Senators from both parties clashed angrily Tuesday with representatives of one of the most powerful and storied banks on Wall Street during an all-day spectacle on Capitol Hill.
Executives from Goldman Sachs traveled from the heart of the nation’s financial center for an expected grilling, but ended up frustrating senators by avoiding specific answers about the financial crisis and the bank’s relationship with its investors.
At the center of the storm was Fabrice Tourre, the young Goldman Sachs vice president named in the Securities and Exchange Commission’s fraud complaint against the bank. Tourre, making his public debut on a very large stage, criticized the “unfounded attacks” on his character and motives.
The political theater took place against the backdrop of a fierce debate over financial reform legislation that Republicans blocked from consideration for a second day in a row Tuesday.
Goldman Sachs has been a chief character in that fight ever since the SEC accused it nearly two weeks ago of selling a financial instrument it had designed to fail, an allegation the executives continued to deny fiercely on Tuesday. Congressional Democrats have suggested their legislation would prevent other banks from doing the same thing.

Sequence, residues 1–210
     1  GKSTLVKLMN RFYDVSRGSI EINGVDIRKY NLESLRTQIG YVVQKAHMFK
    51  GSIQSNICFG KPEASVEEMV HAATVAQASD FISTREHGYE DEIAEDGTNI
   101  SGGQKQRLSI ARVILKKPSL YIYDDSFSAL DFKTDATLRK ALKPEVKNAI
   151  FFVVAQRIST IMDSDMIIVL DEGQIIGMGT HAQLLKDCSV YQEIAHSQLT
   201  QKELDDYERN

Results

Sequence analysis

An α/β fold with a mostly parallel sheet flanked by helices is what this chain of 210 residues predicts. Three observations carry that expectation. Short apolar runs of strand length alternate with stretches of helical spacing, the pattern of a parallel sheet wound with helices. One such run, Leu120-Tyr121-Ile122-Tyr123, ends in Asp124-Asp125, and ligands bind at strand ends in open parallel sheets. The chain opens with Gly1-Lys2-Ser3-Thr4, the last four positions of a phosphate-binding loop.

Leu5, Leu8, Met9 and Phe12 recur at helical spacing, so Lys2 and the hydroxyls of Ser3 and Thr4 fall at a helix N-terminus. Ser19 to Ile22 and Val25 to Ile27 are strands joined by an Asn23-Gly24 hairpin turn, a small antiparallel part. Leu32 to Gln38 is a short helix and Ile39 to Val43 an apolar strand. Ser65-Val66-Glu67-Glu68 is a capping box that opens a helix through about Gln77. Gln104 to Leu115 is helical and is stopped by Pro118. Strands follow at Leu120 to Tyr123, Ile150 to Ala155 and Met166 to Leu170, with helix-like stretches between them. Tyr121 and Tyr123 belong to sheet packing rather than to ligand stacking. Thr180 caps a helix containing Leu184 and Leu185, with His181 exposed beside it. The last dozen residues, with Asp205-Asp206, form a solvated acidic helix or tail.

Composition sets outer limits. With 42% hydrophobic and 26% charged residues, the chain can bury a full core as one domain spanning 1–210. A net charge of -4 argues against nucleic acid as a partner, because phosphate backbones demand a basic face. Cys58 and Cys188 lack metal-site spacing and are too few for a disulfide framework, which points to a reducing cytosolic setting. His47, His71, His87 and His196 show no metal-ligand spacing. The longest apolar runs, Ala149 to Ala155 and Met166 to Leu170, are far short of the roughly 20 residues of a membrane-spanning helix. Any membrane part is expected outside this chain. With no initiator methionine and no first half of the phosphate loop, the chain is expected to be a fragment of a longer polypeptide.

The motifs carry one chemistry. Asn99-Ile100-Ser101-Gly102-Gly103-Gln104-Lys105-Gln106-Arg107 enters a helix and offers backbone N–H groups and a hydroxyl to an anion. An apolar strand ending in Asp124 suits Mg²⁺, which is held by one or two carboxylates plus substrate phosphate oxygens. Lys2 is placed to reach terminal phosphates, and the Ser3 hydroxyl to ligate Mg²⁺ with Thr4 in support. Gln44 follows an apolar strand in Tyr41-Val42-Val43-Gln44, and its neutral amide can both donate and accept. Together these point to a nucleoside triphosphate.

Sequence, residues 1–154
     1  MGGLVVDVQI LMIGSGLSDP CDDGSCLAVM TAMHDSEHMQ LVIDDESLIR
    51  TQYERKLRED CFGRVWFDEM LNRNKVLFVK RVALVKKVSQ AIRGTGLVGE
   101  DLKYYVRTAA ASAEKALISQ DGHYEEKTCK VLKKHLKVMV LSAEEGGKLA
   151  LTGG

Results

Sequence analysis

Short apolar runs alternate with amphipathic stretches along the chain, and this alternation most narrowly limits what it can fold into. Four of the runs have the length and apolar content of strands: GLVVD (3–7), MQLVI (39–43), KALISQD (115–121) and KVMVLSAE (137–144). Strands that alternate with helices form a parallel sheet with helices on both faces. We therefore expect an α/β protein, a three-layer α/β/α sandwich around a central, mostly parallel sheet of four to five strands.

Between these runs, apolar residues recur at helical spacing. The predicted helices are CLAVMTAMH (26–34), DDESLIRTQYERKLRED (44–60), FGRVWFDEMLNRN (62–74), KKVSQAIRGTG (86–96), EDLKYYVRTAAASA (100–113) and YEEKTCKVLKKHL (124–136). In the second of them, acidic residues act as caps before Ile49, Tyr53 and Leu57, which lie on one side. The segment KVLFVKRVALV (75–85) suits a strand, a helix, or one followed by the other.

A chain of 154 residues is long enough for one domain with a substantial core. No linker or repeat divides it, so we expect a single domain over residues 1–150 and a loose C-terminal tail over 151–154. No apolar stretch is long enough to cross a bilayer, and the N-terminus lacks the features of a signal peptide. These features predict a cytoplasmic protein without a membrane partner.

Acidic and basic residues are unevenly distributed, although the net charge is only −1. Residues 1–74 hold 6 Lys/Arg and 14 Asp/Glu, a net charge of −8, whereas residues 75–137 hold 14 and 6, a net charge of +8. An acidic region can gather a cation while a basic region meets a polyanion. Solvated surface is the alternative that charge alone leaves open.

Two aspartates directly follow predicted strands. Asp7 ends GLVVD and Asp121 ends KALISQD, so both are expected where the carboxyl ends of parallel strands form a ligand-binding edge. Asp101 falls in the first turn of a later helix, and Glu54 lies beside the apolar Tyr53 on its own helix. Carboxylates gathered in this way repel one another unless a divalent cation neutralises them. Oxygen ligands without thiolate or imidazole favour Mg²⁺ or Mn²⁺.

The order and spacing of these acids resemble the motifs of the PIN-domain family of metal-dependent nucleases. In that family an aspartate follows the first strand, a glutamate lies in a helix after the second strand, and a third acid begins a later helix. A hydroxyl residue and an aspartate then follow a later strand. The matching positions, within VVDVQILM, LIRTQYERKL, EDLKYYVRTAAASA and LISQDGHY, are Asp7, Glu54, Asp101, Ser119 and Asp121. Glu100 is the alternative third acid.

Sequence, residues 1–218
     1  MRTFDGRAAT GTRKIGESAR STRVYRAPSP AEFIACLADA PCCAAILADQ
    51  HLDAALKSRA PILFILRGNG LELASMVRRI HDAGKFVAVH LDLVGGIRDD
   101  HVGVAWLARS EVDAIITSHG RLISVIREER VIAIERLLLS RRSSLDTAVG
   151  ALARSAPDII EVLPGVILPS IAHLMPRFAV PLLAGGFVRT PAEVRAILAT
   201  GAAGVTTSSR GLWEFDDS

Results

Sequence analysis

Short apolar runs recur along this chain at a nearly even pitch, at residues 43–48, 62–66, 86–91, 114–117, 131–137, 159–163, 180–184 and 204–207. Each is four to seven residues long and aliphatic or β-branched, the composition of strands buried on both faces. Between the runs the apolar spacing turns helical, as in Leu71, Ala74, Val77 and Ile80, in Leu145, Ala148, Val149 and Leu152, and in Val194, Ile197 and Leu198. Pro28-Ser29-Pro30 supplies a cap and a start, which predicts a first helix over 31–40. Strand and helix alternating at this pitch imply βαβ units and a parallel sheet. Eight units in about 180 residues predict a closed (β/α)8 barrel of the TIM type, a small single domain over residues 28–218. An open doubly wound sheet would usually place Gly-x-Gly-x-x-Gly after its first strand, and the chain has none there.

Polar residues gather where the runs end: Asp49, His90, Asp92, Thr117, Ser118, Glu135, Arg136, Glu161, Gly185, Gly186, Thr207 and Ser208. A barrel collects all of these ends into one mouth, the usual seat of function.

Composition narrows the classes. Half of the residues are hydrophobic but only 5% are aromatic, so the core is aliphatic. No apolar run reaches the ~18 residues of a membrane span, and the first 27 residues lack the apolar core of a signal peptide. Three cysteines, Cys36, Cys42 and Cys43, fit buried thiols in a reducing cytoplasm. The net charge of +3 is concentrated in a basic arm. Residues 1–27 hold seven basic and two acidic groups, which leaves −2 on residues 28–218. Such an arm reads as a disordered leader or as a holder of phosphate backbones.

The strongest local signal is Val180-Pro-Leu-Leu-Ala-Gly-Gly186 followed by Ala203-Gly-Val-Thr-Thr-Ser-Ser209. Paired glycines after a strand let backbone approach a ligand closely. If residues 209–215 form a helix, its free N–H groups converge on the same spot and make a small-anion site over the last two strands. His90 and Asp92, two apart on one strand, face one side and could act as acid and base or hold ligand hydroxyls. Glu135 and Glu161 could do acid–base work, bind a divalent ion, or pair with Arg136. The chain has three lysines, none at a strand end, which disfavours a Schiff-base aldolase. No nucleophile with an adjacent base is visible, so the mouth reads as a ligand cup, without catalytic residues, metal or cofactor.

If the fight over Wall Street reform has been another partisan battle, however, Democrats and Republicans on the Senate Permanent Committee on Investigations appeared unified in their irritations with the executives for dodging questions.
The stalling tactic started immediately after opening statements when former Goldman partner Daniel Sparks took more than 15 minutes to comprehend a question asked by Sen. Carl LevinCarl Milton LevinOvernight Defense: First group of Afghan evacuees arrives in Virginia | Biden signs Capitol security funding bill, reimbursing Guard | Pentagon raises health protection level weeks after lowering it Biden pays tribute to late Sen. Levin: 'Embodied the best of who we are' Former Colorado Gov. Richard Lamm dead at 85 MORE (D-Mich.), the committee’s chairman.
Levin, who argued in the days leading up to the hearing that Goldman had repeatedly designed and sold mortgage-backed securities that had been designed to fail, referenced an e-mail from Goldman that said the bank was “comfortable” with holding mortgage-related securities that were losing value, and asked Sparks to explain why the bank was at ease with its position.